They sell cheese wedding cakes too.

19. The Liverpool Cheese Company, Woolton.

Creative Commons / Flickr: keithpatterson

These guys also specialise in cheese wedding cakes, such as the Jenny cake which boasts an embarrassment of creamy riches: Cornish Yarg, Snowdonia Extra Mature Cheddar, Delice de Cremiers, Cashel Blue and Coeur Neufchatel.

20. Cheese & Wine Festival, London.

Creative Commons / Flickr: greatbritishchefs

At the Southbank and Spitalfields in the autumn. These were in attendance last year.

21. Malpas, Cheshire.

Creative Commons / Flickr: mjhbixby6

Home of the fiendishly moorish Cheshire cheese, and Reece’s Creamery, who have been perfecting the stuff since 1886.

22. Truro, Cornwall.

Head west for Lynher Dairies, who specialise in Cornish Yarg, a nettle-wrapped, semi-hard revelation of a cheese.

23. The International Cheese Awards, Nantwich.

They call it the world’s largest cheese awards and they may be right. The cheese marquee has recently been enlarged to 80,500 sq ft and houses in excess of 4,400 cheeses from 26 countries. You really can’t get much more cheese in one place.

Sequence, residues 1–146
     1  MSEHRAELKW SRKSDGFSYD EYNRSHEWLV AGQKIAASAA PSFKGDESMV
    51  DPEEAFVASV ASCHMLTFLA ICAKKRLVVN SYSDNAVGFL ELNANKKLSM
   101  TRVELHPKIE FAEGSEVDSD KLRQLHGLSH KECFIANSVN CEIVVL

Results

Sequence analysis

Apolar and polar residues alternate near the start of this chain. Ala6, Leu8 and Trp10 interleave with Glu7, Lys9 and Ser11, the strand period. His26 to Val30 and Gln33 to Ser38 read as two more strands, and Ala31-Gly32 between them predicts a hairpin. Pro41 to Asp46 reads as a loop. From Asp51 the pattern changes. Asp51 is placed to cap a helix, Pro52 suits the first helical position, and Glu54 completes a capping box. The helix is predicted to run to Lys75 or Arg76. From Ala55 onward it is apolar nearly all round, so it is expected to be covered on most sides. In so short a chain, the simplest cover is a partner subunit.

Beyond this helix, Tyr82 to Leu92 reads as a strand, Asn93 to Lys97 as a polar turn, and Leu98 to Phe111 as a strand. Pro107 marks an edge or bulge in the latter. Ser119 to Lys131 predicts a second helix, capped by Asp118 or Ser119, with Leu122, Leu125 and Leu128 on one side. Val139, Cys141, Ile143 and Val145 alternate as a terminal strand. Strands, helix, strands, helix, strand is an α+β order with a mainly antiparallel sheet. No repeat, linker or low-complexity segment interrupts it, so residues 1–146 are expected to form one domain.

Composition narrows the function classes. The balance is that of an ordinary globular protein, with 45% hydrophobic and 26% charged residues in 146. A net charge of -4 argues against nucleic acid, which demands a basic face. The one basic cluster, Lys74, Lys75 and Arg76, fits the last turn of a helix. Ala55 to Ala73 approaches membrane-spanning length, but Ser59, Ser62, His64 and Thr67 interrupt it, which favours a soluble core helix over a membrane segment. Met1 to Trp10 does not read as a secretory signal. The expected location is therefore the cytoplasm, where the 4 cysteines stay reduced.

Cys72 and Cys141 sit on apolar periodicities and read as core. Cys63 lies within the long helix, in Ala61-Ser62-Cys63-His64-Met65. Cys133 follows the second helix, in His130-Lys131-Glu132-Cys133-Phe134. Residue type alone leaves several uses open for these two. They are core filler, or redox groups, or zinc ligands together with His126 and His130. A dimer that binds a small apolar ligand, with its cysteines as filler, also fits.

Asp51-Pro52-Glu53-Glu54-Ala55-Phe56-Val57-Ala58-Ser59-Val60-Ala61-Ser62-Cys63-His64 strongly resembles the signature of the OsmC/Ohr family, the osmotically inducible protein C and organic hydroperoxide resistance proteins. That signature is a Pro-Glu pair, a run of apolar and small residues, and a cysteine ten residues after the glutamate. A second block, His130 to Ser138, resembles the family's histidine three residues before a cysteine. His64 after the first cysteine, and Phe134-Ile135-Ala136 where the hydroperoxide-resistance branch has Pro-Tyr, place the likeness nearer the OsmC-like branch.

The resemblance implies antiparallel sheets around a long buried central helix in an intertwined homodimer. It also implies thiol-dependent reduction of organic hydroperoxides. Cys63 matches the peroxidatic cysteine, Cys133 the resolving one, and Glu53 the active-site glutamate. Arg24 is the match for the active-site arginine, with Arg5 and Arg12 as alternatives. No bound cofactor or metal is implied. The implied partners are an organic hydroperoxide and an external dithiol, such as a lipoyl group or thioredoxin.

24. The Cheese Shed, Devon.

A virtual stop on our cheese tour, but a worthy one, if only for the wall of cheese on their website.

25. Neal’s Yard Dairy, London.

Creative Commons / Flickr: lhl

An institution and rightly so, Neal’s Yard buys cheese from around 70 cheesemakers in Britain and Ireland, and sells them to hungry Londoners with passion and knowledge. Whether you’re after Kirkham Lancashire or Duckett’s Caerphilly - or perhaps a cheesy surprise - they’ll be able to sort you out.